In United States v. York, 933 F.2d 1343 (7th Cir.), cert. denied, --- U.S. ----, 112 S.Ct. 321, 116 L.Ed.2d 262 (1991), we addressed a Bruton claim similar, though not identical, to the one Mr. Miller presents. In York, the defendant contested the district court's admission of incriminating extrajudicial statements made by York's partner, Mahar. Mahar had told two acquaintances that Mahar and York were planning to burn down a business for insurance proceeds. Mahar was unavailable at York's trial because she had died in the very blaze for which York was on trial. We held that admitting the testimony against York was not precluded by Bruton. Unlike the declarant's statement in Bruton, Mahar's statement was admissible against York under a hearsay exception, Rule 804(b)(3). Id. at 1362-64. We held that the statement made against the penal interest of Mahar was sufficiently reliable to justify its use against York. In reaching that decision, however, we cast the governing rule cautiously:


So long as the incriminating and inculpatory portions of a statement are closely related, if the circumstances surrounding the portion of a declarant's statement inculpating another are such that the court determines that the inculpatory portion of the statement is just as trustworthy as the portion of the statement directly incriminating the declarant, there is no need to excise or sever the inculpatory portion of the statement. Mahar's inculpatory statements were admissible under Rule 804(b)(3) and therefore there was no confrontation clause violation.


Id. at 1364. In United States v. Curry, 977 F.2d 1042 (7th Cir.1992), cert. denied, --- U.S. ----, 113 S.Ct. 1357, 122 L.Ed.2d 737 (1993), we acknowledged with approval the holding in York. In Curry, the district court allowed the government to present an informant's testimony concerning incriminating statements codefendant Bush had made. Id. at 1055. Because the testimony was admissible under Rule 804(b)(3), we held that Bruton did not preclude the admission of the evidence at the joint trial because Bruton dealt with inculpatory statements that were inadmissible against the nondeclarant-codefendant. As Mr. Miller correctly points out, the district court in Curry gave a limiting instruction stating that Bush's extrajudicial statements would be admissible only against Bush. See id. However, we do not read the decision as turning on this point. Once it ruled that the testimony was excepted from the general prohibition against hearsay by virtue of Rule 804(b)(3), the district court in Curry need not have given such a limiting instruction.6 Rather, it appears that the government should have been able to use the declarant-codefendant's extrajudicial statements against the nondeclarant-codefendant.7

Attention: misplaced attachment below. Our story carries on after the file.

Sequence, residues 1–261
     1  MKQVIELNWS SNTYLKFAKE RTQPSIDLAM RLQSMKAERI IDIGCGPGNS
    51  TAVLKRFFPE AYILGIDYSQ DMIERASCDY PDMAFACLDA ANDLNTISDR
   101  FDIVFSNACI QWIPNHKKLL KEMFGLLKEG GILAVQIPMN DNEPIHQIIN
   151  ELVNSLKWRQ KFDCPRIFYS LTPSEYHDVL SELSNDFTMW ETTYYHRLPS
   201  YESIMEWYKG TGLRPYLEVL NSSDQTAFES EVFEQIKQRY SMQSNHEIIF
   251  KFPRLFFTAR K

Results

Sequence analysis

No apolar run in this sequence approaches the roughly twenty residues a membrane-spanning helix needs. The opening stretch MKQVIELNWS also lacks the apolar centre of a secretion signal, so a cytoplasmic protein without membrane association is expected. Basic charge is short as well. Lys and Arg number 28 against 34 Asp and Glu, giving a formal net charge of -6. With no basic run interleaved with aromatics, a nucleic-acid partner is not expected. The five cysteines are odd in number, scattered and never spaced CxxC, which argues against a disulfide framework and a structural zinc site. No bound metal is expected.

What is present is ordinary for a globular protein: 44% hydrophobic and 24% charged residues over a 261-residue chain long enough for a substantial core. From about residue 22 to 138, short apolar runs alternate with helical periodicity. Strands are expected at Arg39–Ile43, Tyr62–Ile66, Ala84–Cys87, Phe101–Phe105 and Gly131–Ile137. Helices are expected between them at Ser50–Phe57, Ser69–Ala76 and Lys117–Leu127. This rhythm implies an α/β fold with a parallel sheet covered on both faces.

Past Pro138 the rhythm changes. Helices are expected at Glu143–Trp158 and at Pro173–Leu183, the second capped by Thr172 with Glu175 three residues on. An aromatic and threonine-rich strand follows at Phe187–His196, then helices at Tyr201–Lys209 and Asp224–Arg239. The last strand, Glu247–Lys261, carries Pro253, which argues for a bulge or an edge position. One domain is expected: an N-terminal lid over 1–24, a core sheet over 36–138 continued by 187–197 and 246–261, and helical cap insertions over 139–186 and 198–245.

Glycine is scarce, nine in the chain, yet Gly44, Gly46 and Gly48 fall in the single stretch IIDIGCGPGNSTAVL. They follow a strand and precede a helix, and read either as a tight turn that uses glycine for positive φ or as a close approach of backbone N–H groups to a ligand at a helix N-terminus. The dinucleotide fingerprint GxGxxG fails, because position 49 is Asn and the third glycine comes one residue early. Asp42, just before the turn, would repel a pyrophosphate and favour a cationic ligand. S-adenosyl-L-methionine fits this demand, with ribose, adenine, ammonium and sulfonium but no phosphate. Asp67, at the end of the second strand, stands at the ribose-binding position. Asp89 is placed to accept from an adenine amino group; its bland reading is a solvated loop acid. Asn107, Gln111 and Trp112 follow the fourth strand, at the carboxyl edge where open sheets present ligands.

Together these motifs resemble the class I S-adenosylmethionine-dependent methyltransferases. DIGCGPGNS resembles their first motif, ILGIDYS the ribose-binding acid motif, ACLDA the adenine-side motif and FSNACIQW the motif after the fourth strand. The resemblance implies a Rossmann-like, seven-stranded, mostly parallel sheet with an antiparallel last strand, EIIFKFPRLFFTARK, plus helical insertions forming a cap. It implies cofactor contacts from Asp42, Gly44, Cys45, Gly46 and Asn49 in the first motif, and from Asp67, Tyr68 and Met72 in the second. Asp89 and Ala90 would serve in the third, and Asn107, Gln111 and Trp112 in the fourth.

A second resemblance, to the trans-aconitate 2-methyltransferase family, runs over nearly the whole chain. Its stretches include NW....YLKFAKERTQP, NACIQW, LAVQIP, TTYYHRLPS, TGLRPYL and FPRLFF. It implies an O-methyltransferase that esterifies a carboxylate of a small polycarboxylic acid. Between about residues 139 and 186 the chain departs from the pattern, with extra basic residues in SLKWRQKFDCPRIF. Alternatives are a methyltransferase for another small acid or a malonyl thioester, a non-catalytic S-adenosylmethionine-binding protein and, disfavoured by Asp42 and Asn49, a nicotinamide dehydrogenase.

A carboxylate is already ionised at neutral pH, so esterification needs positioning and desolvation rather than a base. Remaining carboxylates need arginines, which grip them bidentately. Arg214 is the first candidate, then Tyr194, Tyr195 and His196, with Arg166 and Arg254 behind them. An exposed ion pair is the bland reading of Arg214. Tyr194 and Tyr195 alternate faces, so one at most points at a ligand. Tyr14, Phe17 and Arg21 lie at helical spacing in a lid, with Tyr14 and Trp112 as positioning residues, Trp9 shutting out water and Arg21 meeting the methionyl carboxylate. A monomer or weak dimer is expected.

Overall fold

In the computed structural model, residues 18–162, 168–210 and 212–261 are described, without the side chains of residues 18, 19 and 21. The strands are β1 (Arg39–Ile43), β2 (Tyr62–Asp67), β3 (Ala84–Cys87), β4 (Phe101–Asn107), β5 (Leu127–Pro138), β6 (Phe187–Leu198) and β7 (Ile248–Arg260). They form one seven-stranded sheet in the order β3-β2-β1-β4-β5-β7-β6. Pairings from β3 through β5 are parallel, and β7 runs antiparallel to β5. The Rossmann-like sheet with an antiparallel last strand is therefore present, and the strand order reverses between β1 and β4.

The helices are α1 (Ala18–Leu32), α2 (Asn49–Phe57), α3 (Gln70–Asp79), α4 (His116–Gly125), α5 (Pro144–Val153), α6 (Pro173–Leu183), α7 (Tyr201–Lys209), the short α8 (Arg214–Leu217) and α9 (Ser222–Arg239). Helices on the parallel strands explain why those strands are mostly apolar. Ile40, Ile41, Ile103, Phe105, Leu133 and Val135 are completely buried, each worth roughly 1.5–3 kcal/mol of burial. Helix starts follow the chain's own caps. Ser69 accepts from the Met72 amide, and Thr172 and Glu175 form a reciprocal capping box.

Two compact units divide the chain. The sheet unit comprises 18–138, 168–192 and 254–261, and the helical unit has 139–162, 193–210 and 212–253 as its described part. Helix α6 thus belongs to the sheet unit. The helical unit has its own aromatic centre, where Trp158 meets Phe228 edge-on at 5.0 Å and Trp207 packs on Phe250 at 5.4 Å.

In United States v. Clark, 989 F.2d 1490 (7th Cir.1993), we again recognized, albeit in dicta, the vitality of the approach announced in York. In that case, the codefendant Griffen claimed a Bruton violation because the testimony of codefendant Clark's sister concerning extrajudicial statements made by Clark were not sufficiently redacted. We held that no Confrontation Clause violation occurred because Clark himself eventually took the stand. Id. at 1498. Nevertheless, we also observed that both the government and the defense may have overread Bruton:


We note that it is possible that no Bruton problem truly exists in this case. In [York] and [Curry], we held that admitting statements which were admissible as statements against penal interest under Fed.R.Evid. 804(b)(3) did not violate the defendants' Confrontation Clause rights. It appears that Mr. Clark's statements to his sister would meet the requirement of Rule 804(b)(3), thus eliminating any Bruton concerns; however, the government did not raise this issue.


Id. at 1499 n. 6. Accordingly, we conclude that Bruton affords Mr. Miller no protection if Mr. Hamilton's extrajudicial statements were admissible under Rule 804(b)(3).8


We therefore examine whether the statements of Mr. Hamilton were admissible under Rule 804(b)(3). In order to determine the admissibility of hearsay under this Rule, we apply a three-part test: A " 'court must find that, (1) the declarant's statement was against the penal interest of the declarant, (2) corroborating circumstances exist indicating the trustworthiness of the statement, and (3) the declarant was unavailable.' " United States v. Gio, 7 F.3d 1279, 1288 (7th Cir.1993) (quoting United States v. Garcia, 897 F.2d 1413, 1420 (7th Cir.1990)).


The first and third parts of our Rule 804(b)(3) test are easily met in this case. First, Mr. Hamilton's extrajudicial statements were plainly against his penal interest, and Mr. Miller fails to demonstrate otherwise. As in York, 933 F.2d at 1362-63, the context in which Mr. Hamilton made his extrajudicial statements has been recognized by the advisory committee as one that passes Rule 804(b)(3) muster. This is not a case in which Mr. Hamilton made his statements to gain favor with law enforcement officials; rather, he made them to a cellmate with whom he was on friendly terms, and with whom he discussed his legal strategy at length. The Advisory Committee Note to Rule 804(b)(3) states:


Whether a statement is in fact against interest must be determined from the circumstances of each case. Thus a statement admitting guilt and implicating another person, made while in custody, may well be motivated by a desire to curry favor with the authorities and hence fail to qualify as against interest.... On the other hand, the same words spoken under different circumstances, e.g., to an acquaintance, would have no difficulty in qualifying.